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eGullet Society staff emeritus
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Everything posted by TAPrice

  1. Chris: No one particular source. The NYT has a lot of boots on the ground and an interactive map online. Kim Severson, a staffer for the NYT's food section, announced on Twitter that she would be here tomorrow morning. The Times-Picayune, of course, is covering it well. I'm getting a lot of links from local bloggers and Twitters. The most popular Twitter hashtags for this seem to be #oilspill and #gulf, so you could set up a search for those. I've also got friends in the local environmental movement who have given me info. As I run across stories about the impact on the food system, the fishing industry, and the regional restaurants, I'll post them in this thread.
  2. Brett Anderson, the restaurant writer for the New Orleans Times-Picayune, reported on the reaction of local restaurants and seafood supplier: I wrote a short item for the Times Picayune on the comments of Poppy Tooker, a local cooking instructor, about the crisis during her gumbo demo at Jazz Fest:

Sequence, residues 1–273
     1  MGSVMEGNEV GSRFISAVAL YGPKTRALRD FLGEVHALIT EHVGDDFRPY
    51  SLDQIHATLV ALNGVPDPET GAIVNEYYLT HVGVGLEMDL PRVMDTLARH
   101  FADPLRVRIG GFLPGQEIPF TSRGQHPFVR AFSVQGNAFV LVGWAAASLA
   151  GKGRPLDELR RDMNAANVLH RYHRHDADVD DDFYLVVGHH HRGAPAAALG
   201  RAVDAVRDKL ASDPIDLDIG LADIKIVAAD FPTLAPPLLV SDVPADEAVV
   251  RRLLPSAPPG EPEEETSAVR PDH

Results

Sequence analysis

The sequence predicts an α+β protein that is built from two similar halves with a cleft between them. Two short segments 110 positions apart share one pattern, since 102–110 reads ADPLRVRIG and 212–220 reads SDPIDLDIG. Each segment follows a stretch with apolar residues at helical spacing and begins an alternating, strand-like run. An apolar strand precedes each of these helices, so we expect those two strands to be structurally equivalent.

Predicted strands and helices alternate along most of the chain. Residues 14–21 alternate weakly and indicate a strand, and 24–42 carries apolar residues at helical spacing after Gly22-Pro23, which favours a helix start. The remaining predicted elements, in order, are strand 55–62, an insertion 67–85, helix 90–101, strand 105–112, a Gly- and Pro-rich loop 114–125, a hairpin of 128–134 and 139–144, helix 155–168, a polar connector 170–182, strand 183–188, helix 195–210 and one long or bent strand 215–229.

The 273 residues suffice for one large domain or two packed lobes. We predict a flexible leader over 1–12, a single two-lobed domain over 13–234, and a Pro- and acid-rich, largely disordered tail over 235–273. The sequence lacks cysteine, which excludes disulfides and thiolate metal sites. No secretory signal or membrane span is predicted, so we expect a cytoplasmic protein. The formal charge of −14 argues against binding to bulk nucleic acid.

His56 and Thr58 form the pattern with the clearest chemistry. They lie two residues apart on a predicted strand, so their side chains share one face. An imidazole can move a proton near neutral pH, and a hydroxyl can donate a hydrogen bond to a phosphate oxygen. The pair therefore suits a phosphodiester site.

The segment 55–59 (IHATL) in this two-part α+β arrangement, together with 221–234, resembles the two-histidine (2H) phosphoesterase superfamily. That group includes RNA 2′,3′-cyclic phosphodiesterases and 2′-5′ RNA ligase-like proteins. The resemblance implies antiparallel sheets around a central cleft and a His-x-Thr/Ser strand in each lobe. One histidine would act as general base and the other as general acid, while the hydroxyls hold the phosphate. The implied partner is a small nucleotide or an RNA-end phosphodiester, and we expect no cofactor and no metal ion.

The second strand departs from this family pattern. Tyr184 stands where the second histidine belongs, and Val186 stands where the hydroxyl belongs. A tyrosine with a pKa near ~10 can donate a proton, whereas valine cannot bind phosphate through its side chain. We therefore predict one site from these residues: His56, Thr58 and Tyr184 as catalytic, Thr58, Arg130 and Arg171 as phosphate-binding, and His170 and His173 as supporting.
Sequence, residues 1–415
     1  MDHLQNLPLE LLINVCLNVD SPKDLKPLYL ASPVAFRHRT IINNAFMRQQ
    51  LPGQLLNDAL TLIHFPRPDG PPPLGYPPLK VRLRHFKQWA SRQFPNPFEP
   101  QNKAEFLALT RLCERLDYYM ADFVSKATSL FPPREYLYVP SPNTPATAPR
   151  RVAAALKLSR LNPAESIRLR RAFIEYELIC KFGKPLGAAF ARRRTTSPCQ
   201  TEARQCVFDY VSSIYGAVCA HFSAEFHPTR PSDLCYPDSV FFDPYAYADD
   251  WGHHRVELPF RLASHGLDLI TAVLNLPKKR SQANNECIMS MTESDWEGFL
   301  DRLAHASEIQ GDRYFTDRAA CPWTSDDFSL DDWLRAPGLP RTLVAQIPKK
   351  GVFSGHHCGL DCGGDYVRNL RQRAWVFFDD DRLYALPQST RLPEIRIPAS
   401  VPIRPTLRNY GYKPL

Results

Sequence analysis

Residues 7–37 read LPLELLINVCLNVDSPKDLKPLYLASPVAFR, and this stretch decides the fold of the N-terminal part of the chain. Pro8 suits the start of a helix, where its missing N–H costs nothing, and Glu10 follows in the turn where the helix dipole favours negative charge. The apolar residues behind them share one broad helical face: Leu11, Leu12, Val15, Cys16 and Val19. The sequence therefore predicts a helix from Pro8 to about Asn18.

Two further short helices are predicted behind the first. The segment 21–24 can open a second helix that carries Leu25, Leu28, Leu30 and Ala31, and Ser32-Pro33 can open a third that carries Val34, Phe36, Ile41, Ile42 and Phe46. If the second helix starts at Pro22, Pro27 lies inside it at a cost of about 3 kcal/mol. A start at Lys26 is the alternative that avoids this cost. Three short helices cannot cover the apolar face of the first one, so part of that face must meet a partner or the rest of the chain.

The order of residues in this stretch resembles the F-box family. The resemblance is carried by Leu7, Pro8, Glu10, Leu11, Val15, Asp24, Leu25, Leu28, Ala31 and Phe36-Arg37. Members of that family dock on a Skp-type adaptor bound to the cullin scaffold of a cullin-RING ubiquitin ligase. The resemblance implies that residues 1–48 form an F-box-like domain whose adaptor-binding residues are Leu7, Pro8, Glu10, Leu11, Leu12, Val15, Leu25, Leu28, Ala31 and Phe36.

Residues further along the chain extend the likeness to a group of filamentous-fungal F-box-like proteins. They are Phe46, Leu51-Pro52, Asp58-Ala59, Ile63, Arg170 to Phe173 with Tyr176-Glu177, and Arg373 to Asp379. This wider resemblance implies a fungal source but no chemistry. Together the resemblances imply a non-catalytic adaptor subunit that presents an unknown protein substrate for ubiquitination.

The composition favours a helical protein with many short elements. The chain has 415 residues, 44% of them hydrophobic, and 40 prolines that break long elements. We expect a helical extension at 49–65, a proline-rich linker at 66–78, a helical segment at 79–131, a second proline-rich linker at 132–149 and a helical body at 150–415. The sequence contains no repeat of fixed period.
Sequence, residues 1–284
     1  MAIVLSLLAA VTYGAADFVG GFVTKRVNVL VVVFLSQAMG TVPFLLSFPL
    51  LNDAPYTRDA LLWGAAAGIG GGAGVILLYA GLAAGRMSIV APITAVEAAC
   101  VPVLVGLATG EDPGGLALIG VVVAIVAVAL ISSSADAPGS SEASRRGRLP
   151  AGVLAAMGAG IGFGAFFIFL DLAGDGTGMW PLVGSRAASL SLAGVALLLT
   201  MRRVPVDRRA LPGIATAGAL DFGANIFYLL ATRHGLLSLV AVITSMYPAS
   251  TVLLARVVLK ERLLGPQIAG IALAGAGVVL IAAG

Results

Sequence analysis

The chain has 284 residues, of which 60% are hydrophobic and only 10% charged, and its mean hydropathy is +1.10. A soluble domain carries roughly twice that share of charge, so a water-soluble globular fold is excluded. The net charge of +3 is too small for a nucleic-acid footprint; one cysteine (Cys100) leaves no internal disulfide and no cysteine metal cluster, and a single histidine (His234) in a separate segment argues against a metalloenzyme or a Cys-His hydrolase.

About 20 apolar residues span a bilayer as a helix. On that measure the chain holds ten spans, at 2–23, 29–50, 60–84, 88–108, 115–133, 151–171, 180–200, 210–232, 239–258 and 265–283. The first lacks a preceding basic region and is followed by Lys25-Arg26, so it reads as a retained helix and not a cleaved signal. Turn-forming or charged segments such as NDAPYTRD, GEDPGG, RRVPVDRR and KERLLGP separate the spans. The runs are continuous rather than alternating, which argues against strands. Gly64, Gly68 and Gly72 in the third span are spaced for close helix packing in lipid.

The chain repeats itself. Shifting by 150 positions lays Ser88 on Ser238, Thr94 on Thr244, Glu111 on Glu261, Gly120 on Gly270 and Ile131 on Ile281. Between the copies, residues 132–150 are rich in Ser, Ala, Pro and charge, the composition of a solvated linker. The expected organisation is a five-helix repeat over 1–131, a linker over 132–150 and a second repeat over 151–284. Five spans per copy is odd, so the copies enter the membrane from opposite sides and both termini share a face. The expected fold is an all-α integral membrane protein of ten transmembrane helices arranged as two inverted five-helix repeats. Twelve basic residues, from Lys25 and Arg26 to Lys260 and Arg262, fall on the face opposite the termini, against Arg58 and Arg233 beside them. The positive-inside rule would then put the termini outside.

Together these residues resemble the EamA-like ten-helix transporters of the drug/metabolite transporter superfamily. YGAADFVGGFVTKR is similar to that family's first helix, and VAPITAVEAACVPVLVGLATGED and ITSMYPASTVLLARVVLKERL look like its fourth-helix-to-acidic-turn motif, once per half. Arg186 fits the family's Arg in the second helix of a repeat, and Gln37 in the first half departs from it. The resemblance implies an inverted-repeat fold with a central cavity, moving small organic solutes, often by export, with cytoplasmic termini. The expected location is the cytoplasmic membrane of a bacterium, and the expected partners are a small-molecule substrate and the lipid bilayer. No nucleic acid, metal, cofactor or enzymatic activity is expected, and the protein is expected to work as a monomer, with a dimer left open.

3. Yesterday at the farmers market in New Orleans, the line for fresh shrimp was half a block long. Down here, a lot of us are convinced that the oil filling the Gulf will mean no local seafood for at least a year. (As a side note, we're still trying to figure out what to call this catastrophe. It's not exactly a spill, since the oil continues to flow unabated from the ocean floor.) John Besh (August, Domenica), writing for the Atlantic website said supply is good at the moment, but things don't look good: The seafood industry is trying to convince people, particularly tourists, that the current supply of shrimp, oysters and fish is safe to eat. Here is what the New York Times had to say about that: In that same article, Donald Link (Herbsaint, Cochon) offered a little optimism: “For the massive oil spill that it is, I don’t think that we’re looking at catastrophic effects on seafood." At this point, I don't think anyone knows the impact will be. It's a complicated situation. There is the environmental impact on the marine life and its habitat. Fisherman who can't work for a long period may have to leave the business. The oil could spread across the beaches of Louisiana, Mississippi, Alabama and even Florida, which could hurt the tourism industry and the restaurants there. Already, I've heard anecdotal reports of people canceling trips to New Orleans, because they don't want to come if there is no seafood. One scientist I heard of the radio (didn't catch his specialty), suggested that the Gulf disaster could seriously harm the U.S. chicken industry. Most chicken, he said, eat fish meal, which comes from menhaden caught in the Gulf of Mexico. Even if the damage is limited to Louisiana's coast, the fishing and oyster industry is so large here that the effects will be felt nationwide.